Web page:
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Rockets are launched vertically and then turn to have an horizontal course. It sems logical to begin vertically to reach less denser atmosphere quickly and to travel horizontally when reaching low Earth orbit, but I am not able to determine what are the parameter to decide when this turn begins and the turn rate, nor if it depends on the launch vehicle or the launch location.

What are the parameters to determine the shape of this turn?

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  • $\begingroup$ It varies significantly with the launch vehicle, because they have different acceleration versus time curves. I don't think you'll get a comprehensive answer here. $\endgroup$ – Russell Borogove Mar 14 '17 at 8:25
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    $\begingroup$ For an overview: en.m.wikipedia.org/wiki/Gravity_turn $\endgroup$ – Russell Borogove Mar 14 '17 at 8:26
  • $\begingroup$ And if you really want to get a feel for it, Kerbal Space Program. It's downright scary to see your rocket cloaked in fire on the way up but it's generally the best way. $\endgroup$ – Loren Pechtel Mar 15 '17 at 2:12
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Atmospheric drag vs gravitational drag curve.

The turn is not an instantaneous, or even a short maneuver - it begins either shortly after clearing the tower or in some cases - even before launch! and lasts until vertical speed is sufficient to clear the atmosphere and reach vicinity of apogeum, quite late into the flight.

The trajectory - and directly related angle of burn - is a result of optimization of the function of gravity losses and atmospheric drag losses: while reaching orbital velocity ASAP (burning horizontally) is the way to minimize loss due to gravitational pull of Earth ("gravity drag"), this is offset by atmospheric drag, which at low altitudes makes it impossible, and at somewhat higher altitudes economically suboptimal - as you lose more to pushing air out of your way than you prevent losing to keeping the rocket from falling down.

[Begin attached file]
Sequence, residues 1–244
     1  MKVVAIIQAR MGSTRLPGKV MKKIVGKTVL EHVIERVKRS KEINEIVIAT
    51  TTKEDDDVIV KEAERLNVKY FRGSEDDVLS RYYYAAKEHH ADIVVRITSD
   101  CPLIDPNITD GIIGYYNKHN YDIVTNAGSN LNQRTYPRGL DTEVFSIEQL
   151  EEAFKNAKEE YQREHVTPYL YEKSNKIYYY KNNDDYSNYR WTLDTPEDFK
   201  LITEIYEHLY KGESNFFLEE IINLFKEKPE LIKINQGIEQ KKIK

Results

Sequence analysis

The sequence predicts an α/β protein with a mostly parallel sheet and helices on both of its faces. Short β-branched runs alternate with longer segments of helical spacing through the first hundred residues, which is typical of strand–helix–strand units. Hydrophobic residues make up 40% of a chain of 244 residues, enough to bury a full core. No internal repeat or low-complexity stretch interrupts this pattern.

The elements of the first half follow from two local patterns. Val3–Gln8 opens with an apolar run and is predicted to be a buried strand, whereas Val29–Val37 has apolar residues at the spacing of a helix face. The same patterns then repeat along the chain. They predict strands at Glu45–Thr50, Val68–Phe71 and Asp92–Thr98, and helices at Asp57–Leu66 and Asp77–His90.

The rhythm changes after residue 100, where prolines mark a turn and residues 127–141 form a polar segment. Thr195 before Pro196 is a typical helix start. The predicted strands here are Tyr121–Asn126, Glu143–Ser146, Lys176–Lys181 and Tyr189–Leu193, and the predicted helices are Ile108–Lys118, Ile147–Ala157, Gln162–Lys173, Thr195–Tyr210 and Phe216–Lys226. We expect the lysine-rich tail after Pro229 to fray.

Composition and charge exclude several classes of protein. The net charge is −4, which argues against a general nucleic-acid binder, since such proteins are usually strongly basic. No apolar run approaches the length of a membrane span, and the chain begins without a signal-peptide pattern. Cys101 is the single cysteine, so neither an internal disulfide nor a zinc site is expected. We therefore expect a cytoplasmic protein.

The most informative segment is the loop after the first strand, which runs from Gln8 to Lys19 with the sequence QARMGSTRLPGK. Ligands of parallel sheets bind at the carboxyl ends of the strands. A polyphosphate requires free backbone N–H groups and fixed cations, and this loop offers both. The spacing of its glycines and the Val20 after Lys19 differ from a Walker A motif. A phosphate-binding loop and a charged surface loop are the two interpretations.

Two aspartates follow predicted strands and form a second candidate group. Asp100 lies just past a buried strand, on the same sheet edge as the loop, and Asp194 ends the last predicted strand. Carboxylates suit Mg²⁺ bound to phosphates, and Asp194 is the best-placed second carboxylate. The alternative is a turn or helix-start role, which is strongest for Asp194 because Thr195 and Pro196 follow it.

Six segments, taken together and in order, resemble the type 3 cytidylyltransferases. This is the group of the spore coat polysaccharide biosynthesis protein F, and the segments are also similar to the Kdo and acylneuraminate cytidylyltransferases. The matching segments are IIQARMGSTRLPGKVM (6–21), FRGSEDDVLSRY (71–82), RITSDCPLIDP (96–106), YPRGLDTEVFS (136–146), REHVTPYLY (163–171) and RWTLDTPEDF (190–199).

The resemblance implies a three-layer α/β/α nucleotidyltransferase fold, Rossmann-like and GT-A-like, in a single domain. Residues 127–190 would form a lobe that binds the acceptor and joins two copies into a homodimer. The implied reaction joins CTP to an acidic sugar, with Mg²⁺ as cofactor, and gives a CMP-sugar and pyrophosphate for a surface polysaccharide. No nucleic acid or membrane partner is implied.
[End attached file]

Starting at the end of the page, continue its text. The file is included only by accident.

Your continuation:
What decides what the curve should be in case of given, specific rocket? Aerodynamics and engines, and to a lesser degree, payload and structural durability.

The thrust to weight ratio (TWR) of the rocket, dependent on the rocket mass and engine thrust, decides how fast the rocket can climb and accelerate. Aerodynamic profile decides what losses air drag incurs. Structural durability says how it can handle high dynamic pressure (MaxQ) and may impose throttling the engine to reduce risk to the rocket and atmospheric losses. Payload may be rated for certain accelerations, which limits allowable max TWR.

The linked above SS-520 has a very high TWR and very lean aerodynamic profile; it can reach high altitudes really fast, so it starts at an angle, beginning the "gravity turn" (as the curving launch profile is sometimes called) right from the moment of launch. About all other launchers begin the turn at latest after clearing the launch tower, but the initial tilt might be very small.

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  • $\begingroup$ Maybe this is a given, but the point of reducing drag is to reduce friction, which improves efficiency thereby reduces necessary fuel load? Meaning once again the decision is "it's the cheapest one..." $\endgroup$ – corsiKa Mar 14 '17 at 14:51
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    $\begingroup$ @corsiKa: Yes, and not just directly drag; higher air resistance will mean higher dynamic pressure the structure of the rocket has to overcome (both as heat and as direct mechanical stress) - and that would necessitate thicker, heavier structure. So not only mass of fuel is reduced, but dry mass to survive the ascent too. [...or more precisely - mass of fuel is unchanged; mass of payload grows.] $\endgroup$ – SF. Mar 14 '17 at 14:58
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As a former launch vehicle trajectory analyst the answer isn't very fulfilling: it depends.

Trajectories are constrained optimization problems, so at the highest level the answer to what determines when the turn is made is whatever maneuver optimizes the chosen objective function while satisfying the constraints.

To be more helpful, constraints are myriad. Keeping aerodynamic forces within limits, maintaining control margin on thrust vector and/or aerodynamic surfaces, ensuring the fairing jettison doesn't occur too early, keeping aero-heating within bounds, relative location of launch site and target orbit, etc. Now that humanity knows how to return first stage boosters there's a whole host of other constraints such as staging so that the first stage can fly to launch site, etc.

The parameters that end up driving the solution and the bounds/values are very rocket dependent, that's why my work as a trajectory analyst always began very early in a program. How the rocket will fly and its basic design have to be done in concert.

Those caveats aside, for normal ground launched rockets, they start to turn no later after they are past max dynamic pressure and/or max q-alpha, when the max aero loads on the structure are experienced. Air-launched rockets fly very different trajectories and basically never fly straight up.

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    $\begingroup$ Good point. I should have said "not later than". I’ll edit my answer. $\endgroup$ – Adam Wuerl Mar 21 '17 at 4:44

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